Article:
Could Facebook be abusing advertisements for more profit?

Advertising on Facebook should be one of the most profitable approaches possible, due to the massive amount of traffic the service gets. With some initiatives, such as Sponsored Stories, it could even convince more internet-aware users to check out advertised services. Yet Facebook might not be as clear-cut with the companies sharing these ads. Limited Run claims – it is worth pointing out it is merely a claim at present – that Facebook was attempting to exploit them.

Limited Run is a company focusing on selling products to fans. They're ideal for celebrities or those with significant online personae, and their focus is on offering a system for building an online store to sell your wares from. When the service was preparing to relaunch, it began experimenting with advertising on the world's biggest social network, but reportedly found some peculiar things.

Facebook was charging for advert clicks, but they could only verify around 20% of the clicks even reaching their site, and began to doubt their analytics company. Deciding to see what could happen, they changed analytic companies. Even then they could not verify more than 20% of their received clicks. Now they were suspicious, and did what any developer would do in a situation like this: they built their own analytic system.

Their findings are not too pleasant. For about 80% of the clicks they received, JavaScript wasn't enabled. That makes it hard for an analytics company to verify the click. According to the company, 80% of people without JavaScript is extremely odd. That figure should be 2% at most. With curiosities piqued the company went ahead and built a page logger, to count the number of times the page was loaded. That 80% of clicks? All bots. Facebook was charging for clicks to a site that wasn't being visited by more than a fifth of people clicking.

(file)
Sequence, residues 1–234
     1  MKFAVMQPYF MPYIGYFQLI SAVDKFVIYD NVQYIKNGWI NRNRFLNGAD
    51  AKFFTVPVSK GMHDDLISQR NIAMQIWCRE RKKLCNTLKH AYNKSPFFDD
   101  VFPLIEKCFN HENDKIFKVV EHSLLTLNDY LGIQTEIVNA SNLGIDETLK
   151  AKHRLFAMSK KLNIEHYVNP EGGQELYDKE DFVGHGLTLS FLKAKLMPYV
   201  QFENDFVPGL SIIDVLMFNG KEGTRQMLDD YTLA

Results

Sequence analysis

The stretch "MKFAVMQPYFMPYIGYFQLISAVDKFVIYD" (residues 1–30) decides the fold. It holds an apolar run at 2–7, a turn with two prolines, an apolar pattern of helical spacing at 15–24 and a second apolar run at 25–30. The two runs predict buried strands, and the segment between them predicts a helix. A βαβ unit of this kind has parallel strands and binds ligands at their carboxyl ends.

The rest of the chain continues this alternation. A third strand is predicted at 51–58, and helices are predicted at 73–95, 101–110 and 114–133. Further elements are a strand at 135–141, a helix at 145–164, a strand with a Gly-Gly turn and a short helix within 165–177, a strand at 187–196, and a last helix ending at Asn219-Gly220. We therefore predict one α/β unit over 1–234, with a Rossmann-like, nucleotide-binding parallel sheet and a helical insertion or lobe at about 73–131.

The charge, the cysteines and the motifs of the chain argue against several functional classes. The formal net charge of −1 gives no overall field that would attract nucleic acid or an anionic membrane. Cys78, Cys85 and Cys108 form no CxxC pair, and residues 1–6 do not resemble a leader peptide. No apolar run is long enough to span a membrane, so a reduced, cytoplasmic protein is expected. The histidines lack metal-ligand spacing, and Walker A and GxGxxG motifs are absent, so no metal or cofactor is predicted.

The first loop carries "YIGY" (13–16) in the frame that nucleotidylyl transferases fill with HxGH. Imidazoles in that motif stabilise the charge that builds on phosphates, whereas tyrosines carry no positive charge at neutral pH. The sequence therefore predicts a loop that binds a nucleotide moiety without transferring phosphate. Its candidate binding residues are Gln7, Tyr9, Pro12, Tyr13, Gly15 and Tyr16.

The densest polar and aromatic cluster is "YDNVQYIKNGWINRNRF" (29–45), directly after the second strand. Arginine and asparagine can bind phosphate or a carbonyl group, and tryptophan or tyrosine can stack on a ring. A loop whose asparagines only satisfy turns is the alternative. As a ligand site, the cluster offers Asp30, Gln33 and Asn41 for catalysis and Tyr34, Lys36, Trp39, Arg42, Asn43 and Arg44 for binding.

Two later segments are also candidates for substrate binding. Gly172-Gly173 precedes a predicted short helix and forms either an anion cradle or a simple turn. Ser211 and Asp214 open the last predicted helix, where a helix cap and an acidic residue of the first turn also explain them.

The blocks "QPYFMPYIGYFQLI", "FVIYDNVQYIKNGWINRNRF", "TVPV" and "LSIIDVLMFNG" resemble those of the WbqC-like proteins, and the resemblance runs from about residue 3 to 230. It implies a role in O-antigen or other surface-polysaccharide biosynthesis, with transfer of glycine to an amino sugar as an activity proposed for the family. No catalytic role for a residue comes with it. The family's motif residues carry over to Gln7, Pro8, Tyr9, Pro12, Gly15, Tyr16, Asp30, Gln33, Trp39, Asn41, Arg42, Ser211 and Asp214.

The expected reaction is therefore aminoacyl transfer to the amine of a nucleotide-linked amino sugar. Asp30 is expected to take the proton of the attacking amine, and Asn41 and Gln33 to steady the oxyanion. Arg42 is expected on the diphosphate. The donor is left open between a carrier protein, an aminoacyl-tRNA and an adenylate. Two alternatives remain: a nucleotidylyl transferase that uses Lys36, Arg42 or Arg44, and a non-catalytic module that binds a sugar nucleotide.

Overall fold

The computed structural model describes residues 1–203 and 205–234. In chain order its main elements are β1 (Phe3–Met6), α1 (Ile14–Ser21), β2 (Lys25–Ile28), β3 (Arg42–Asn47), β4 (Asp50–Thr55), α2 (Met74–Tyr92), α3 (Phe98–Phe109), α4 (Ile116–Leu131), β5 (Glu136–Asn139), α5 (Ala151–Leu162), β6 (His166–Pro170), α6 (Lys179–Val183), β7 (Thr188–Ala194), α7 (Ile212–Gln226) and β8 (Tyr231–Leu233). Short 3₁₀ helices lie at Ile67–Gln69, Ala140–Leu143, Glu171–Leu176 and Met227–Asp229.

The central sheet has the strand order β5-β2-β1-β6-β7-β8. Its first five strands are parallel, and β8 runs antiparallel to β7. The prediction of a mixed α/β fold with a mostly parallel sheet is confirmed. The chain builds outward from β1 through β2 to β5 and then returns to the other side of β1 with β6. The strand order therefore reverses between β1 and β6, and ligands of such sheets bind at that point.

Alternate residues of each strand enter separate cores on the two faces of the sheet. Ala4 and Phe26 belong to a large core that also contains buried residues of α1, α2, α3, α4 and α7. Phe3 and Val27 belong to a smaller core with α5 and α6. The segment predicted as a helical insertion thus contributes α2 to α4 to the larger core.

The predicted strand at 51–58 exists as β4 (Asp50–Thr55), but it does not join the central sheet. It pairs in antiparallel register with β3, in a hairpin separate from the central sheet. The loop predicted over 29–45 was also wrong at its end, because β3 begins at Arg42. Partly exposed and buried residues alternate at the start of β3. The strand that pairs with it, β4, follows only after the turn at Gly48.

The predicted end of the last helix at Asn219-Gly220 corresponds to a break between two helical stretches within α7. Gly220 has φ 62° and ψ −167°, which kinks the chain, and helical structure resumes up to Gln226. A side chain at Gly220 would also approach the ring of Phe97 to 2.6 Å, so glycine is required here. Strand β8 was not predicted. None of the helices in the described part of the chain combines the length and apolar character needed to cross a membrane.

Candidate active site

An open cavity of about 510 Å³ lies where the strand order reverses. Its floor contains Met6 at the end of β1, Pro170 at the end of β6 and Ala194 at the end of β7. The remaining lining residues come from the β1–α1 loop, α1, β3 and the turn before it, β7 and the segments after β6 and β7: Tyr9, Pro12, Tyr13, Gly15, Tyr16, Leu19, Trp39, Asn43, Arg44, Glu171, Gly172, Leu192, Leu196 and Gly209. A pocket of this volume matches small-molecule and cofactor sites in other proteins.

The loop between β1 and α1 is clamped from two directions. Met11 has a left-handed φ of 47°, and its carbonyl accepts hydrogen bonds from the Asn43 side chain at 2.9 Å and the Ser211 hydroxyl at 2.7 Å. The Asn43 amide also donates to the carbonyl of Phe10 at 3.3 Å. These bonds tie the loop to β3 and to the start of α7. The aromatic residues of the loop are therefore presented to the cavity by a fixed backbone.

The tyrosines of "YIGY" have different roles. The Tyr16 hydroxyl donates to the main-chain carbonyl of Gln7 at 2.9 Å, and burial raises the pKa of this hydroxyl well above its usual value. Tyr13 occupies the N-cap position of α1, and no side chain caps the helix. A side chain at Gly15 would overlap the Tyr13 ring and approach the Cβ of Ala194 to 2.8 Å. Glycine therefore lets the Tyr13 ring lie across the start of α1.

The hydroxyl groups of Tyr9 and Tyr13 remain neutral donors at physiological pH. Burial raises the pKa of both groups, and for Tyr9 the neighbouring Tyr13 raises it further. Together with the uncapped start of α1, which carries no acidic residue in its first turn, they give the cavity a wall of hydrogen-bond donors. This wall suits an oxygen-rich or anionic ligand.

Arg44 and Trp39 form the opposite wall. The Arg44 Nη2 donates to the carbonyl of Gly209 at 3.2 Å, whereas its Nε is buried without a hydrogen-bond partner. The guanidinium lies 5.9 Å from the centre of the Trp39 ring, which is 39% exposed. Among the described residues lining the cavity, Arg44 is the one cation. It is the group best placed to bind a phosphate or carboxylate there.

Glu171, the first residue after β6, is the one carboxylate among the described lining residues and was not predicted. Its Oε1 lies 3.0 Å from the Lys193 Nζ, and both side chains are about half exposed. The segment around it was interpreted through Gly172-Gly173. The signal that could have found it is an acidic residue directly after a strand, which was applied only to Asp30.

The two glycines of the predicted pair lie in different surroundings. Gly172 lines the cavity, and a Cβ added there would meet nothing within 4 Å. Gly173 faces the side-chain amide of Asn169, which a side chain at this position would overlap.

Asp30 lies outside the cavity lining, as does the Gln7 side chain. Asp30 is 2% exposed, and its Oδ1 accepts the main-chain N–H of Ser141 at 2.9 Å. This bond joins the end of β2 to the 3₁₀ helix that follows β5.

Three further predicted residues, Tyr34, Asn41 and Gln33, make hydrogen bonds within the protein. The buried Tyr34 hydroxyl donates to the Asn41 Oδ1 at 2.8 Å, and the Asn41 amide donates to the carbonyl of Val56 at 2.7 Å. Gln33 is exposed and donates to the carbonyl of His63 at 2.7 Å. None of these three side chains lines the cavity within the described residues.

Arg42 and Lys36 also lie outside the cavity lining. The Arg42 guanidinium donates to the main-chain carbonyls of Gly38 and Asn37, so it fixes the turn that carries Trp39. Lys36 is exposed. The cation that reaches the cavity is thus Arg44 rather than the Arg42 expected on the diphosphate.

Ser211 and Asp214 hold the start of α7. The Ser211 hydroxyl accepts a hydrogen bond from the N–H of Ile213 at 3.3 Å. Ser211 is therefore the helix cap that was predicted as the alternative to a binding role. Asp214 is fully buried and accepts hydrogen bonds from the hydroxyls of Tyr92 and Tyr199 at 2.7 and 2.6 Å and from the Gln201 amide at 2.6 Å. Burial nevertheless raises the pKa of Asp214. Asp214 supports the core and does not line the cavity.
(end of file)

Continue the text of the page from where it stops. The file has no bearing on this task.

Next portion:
It gets better, the company needed to change its name. Previously they were known as Limited Pressing, but they changed their name to Limited Run. They contacted Facebook to see about changing their name, and they could on one minor condition. Spend more than $2000 on advertising monthly. The team don't like this, and are severing their Facebook ties from here on. Even now, their Facebook page is identified as Limited Pressing.

How much legitimate traffic could ads like these be getting?

Their status has more than 3000 likes at the current time, and more than 300 comments. Some of the comments are praising the group for their decision, and some are asking them to release the data and prove their claim. It certainly would be nice to see the data alongside, for it would validate their claim. If it turns out Limited Run are right and Facebook is swindling advertisers, then the company could be punished for this. When you're an industry leader, all eyes are on you. Something like this happening is only going to focus the attention of those eyes further. People who have always said they doubted Facebook and its practices now just have more fuel for their fire.

We can't say for sure whether it's a coincidence or not but the sheer volume of users without JavaScript is certainly irregular. Without more evidence to pull in either direction than just a status, we can't say for sure that the service is screwing its enterprise users. If there was conclusive evidence then it could be extremely bad news for the company, whose stocks have reached a new lowest-ever mark.

Source: Facebook status

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